Advanced persistent threats have garnered a lot of attention of late, deservedly so. APTs are arguably the most dangerous security concern for business organizations today, given their targeted nature.
An APT attack is typically launched by a professional organization based in a different country than the victim organization, thereby complicating law enforcement. These hacking organizations are often broken into specialized teams that work together to infiltrate corporate networks and systems and extract as much valuable information as possible. Illegally hacking other companies is their day job. And most are very good at it.
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By all expert opinion, APTs have compromised the information infrastructure of any relevant company. The question isn't whether you've been compromised by an APT, but whether you've noticed it.
I've been helping companies fight and prevent APTs for nearly a decade. In that time I've amassed my share of war stories from the IT security trenches. Here are some of the better real-life tales, not just for the chase, but for the lessons learned.
APT war story No. 1: APT eyes are watching you
I once spent more than a year responding to an APT attack at a multinational company that was involved in everything from high-tech satellites and guns to refrigerators and education. When I got the call, the client had already been hit by two other APT attacks, which isn't unusual. Most companies that discover an APT usually figure out it's been there for years. One client I worked with has been compromised by three different APT teams over the past eight years -- not surprising in the least.
The multinational was finally serious about combatting the attack. The entire IT team was called together to respond; a large, single-purpose task force was created; all the relevant experts were brought in. It was decided that many months in the future all passwords would be reset.
You may wonder why the delay in resetting passwords. Password resets should always be pushed out far into the future in these situations because there's no use changing all the passwords to kick out an APT if you can't guarantee you can prevent the baddies from breaking right back in. Identify the most relevant weaknesses, fix them, then change the passwords. That's the best defense.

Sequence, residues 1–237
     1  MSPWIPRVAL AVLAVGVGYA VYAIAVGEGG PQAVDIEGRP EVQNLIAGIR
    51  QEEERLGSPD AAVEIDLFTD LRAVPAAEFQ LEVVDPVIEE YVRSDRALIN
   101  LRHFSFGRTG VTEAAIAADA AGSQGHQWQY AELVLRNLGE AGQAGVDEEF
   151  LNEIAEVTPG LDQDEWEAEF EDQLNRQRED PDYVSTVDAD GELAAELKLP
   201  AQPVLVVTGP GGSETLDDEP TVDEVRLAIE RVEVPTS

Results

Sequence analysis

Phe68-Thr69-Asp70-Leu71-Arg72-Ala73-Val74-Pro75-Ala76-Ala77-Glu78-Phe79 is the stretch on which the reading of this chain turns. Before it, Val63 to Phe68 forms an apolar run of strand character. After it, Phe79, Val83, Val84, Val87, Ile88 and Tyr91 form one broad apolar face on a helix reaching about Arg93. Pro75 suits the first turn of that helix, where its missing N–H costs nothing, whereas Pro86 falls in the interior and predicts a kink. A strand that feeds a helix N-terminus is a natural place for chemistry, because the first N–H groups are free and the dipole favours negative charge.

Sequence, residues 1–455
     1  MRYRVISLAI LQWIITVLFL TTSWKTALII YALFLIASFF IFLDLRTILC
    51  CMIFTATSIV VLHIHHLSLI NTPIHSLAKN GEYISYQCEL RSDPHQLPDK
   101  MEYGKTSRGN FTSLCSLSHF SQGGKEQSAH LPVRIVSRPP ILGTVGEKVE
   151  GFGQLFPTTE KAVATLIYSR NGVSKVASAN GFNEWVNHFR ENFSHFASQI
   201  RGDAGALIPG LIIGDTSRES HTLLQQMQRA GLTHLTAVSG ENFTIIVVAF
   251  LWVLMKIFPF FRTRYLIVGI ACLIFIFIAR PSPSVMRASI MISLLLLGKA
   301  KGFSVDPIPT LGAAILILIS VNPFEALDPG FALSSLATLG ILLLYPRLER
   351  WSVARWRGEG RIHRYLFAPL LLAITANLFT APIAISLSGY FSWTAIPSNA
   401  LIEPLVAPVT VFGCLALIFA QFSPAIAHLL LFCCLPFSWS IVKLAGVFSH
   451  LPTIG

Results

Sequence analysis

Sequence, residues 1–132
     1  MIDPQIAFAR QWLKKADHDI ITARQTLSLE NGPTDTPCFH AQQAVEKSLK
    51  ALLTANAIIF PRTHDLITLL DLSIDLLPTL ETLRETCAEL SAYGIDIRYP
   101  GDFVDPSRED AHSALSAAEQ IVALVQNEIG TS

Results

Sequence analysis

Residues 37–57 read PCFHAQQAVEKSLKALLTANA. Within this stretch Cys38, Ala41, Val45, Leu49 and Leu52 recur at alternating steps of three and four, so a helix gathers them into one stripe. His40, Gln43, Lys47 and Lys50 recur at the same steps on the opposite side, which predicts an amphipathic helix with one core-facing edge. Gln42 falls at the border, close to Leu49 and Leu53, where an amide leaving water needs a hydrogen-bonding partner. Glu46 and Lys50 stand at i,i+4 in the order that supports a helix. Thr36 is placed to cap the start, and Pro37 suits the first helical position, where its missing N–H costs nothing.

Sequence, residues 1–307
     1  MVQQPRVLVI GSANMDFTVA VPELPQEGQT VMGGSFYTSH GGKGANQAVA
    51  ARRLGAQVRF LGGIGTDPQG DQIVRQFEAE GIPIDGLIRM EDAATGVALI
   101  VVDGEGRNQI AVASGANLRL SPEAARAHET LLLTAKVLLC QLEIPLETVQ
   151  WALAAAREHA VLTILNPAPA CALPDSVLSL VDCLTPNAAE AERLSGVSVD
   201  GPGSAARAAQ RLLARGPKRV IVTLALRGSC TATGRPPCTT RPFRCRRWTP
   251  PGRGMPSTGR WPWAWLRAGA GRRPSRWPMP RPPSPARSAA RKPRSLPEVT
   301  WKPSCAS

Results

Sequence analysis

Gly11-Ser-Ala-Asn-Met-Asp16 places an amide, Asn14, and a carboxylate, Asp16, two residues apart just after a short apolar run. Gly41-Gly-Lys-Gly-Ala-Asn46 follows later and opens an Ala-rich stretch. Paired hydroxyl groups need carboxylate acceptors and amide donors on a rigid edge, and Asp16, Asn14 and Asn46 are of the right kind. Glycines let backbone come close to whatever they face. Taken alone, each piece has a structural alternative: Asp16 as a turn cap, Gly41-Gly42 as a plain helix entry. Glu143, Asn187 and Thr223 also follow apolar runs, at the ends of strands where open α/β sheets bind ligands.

As in most companies I work with, everyone involved was sworn to secrecy. Code words were established, so the team could discuss various aspects of the project in (possibly monitored) emails without alerting intruders or employees not yet engaged.
In this instance, the big password reset day was scheduled to coincide with the company's annual baseball game, which had been instituted to increase employee morale. Because of this, the project was dubbed "company baseball game," with the name of the company changed here to protect its identity. From that point forward, no one mentioned APT or password reset. Everything was about the baseball game.
The company's systems were completely compromised, so new laptops and wireless routers were purchased. All project-related work was to be performed on these laptops over a secured wireless network to prevent any accidental leakage of information about the project, regardless of code-word use.
One facet of the project was to tackle the overabundance of domain administrators at the company. There were far too many -- all told, more than 1,000. We set up camp in one of the many executive conference rooms we used over the course of the project and began discussing what to do.
We couldn't decide which domain administrators were truly needed and which we could disable, so we decided to disable them all on "company baseball game" day, and force those who really needed domain admin access to reaffirm their need. We drafted a domain admin access request form on one of the project laptops and called it a day. We would send out the forms just before "company baseball game" day so that each person who needed a domain admin account could get one in time to be prepared.